- Whisk the sugar and the egg white powder (if using) in a bowl, and place it over a pan with barely simmering water. Add the egg whites to the sugar and whisk the mixture until frothy and the sugar is completely melted. It will take a couple of minutes. You can test by touching the mixture between your fingers, and if you feel any sugar granules just keep whisking the mixture over the water bath.
- Make sure the bottom of the bowl isn’t touching the simmering water because you don’t want the whites to cook.
- Also, don’t overheat the sugar syrup, this may cause issues down the line, such as wrinkly macarons.
- Transfer the syrup to the bowl of a stand mixer.
- With the whisk attachment, start whisking mixture on low for about 30 seconds, then gradually start increasing speed to medium. Whisk on medium for one to two minutes, until the mixture is white and starting to become fluffy. Raise the speed to high, or medium-high and whisk for a few minutes until stiff peaks are formed. Best way to check this is to keep your eye on the whites. Once they get glossy and you start seeing streaks formed by the whisk, it might be time to stop.
- Whisk until stiff peaks have formed. When you pull your whip up, the peak should be stiff and shooting straight up, with possibly a slight bend at the top, but not bending down to the side.
- Pour the sifted powdered sugar, almond flour, and cocoa powder into the stiff meringue.
- Start folding gently forming a letter J with a spatula.
- Add the food coloring at this point, if using. I have added a bit of brown food coloring to deepen the color.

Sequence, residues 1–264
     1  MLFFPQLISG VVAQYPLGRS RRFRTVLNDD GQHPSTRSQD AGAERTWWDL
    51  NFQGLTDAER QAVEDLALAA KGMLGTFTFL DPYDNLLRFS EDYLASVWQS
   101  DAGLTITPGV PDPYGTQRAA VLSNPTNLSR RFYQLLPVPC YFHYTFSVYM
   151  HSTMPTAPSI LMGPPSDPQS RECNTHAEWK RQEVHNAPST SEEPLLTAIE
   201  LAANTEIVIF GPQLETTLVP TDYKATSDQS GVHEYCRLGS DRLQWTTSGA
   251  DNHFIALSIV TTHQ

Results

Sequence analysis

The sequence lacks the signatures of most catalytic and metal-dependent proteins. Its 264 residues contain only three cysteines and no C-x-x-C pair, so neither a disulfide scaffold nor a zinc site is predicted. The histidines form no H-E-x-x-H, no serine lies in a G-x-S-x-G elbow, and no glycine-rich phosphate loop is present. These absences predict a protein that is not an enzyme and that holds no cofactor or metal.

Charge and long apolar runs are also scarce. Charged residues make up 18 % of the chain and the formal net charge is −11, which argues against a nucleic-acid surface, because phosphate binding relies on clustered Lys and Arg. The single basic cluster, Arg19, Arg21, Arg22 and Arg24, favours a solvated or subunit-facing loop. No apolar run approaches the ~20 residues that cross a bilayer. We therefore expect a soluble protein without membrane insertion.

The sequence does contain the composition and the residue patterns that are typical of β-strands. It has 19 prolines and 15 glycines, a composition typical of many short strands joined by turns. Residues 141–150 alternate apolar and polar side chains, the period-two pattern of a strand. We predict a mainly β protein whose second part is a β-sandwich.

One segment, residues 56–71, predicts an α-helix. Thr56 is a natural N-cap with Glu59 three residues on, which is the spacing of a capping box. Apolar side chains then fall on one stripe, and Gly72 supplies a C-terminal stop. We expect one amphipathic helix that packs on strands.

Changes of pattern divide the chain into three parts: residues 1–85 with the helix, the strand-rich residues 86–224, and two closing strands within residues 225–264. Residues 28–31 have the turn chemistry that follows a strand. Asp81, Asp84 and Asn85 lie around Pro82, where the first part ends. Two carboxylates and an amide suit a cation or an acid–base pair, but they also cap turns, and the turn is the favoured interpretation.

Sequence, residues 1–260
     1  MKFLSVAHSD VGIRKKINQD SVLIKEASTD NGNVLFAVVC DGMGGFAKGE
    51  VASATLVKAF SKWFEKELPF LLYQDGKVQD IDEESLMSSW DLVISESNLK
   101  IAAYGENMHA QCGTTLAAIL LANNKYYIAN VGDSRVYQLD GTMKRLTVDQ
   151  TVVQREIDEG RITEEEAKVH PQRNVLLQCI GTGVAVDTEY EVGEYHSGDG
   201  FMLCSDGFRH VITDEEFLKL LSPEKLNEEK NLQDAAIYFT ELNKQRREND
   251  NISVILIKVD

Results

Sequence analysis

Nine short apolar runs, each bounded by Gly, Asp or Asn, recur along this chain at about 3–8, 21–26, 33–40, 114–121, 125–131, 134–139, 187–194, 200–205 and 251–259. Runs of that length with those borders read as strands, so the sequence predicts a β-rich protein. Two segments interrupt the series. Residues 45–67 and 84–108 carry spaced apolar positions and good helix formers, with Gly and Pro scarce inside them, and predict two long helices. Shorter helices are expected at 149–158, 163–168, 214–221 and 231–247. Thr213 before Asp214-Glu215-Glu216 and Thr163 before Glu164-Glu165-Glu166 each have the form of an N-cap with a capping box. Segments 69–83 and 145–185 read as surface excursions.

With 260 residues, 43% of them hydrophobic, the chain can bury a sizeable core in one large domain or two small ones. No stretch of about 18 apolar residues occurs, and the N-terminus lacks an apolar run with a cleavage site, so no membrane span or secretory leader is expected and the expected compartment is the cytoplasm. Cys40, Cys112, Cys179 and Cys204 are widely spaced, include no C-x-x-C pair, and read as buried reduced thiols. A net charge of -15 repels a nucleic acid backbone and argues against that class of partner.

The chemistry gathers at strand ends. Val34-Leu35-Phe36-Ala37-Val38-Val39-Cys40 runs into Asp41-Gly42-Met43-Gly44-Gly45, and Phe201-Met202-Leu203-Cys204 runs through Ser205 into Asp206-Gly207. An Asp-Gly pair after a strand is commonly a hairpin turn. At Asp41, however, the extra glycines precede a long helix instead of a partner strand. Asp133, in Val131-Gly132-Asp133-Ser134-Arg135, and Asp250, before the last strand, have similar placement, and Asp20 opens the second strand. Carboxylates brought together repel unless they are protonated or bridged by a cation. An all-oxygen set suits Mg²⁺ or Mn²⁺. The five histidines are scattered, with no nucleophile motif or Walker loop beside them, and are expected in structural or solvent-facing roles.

- How to know when to stop folding the batter: It’s time to stop folding when the batter is glossy and has a thick and flowing consistency. There are several ways to test this.
- First, pick up some batter with the spatula and try to draw a figure 8 with the batter that is dripping off the spatula. If you can form several 8 figures without the batter breaking up, that’s one indication that it might be ready.
- There’s another test you can do. I call it the Teaspoon test.
- Grab a teaspoon of batter and spoon onto the parchment paper or silicon mat. Wait a minute to see how it behaves.
- If the batter stays stiff, forming a point and doesn’t spread out, fold a little bit more, about 3 folds.
- Test again.
- Once the batter spreads out a bit and starts to look glossy and smooth on top, on the parchment paper, it’s ready.
- You don’t want your batter to be too runny either. So be careful not to overmix. It’s always best to undermix and test several times until the proper consistency has been achieved.
- When you hold the spatula with batter on top of the bowl and the batter falls off the spatula slowly but effortlessly the batter is ready. The batter will keep flowing off the spatula non-stop, but not too quickly.
- Transfer the batter to the piping bag.
- Place the piping bag directly 90 degrees over the center of each macaron template. Apply gentle pressure and carefully pipe for about 3 seconds, and then quickly pull the bag up twisting slightly.
- Once you’ve piped as many circles as you could, bang the trays against the counter a few times each. This will release air bubbles that are in the batter and prevent your macaron shells from cracking.
- Use a toothpick to pop any air bubbles in the surface of the shells.
- Let the trays sit for a while so the shells will dry out a little bit. I usually leave about 20-40 minutes, depending on how humid the day is. You’ll know they’re ready when you gently touch the surface of a macaron and it seems dry.
- Pre-heat the oven to 325ºF.
- Bake one tray at a time.
- Bake for 5 minutes, rotate tray.
- Bake for 5 more minutes. Rotate again.
- I bake each tray for about 15 to 20 minutes.
- When baked, the macarons will have a deeper color and formed feet. If you try to move a macaron, it shouldn’t feel jiggly. If the macaron is still jiggly, keep baking.
- Remove from the oven and bake the other tray.
- Let the macarons cool down before proceeding with the filling.
Peppermint White Chocolate Ganache
- Chop the white chocolate into very small pieces. Place it in a bowl.
- Heat the cream until it almost comes to a boil.
- Pour over the chopped white chocolate.
- Let it sit for a minute.
- Whisk the mixture together until the chocolate has melted completely.
- If the chocolate is not melting and you still see little chunks of chocolate in the ganache, microwave the bowl for 5 second intervals, whisking in between, until all the chocolate has melted.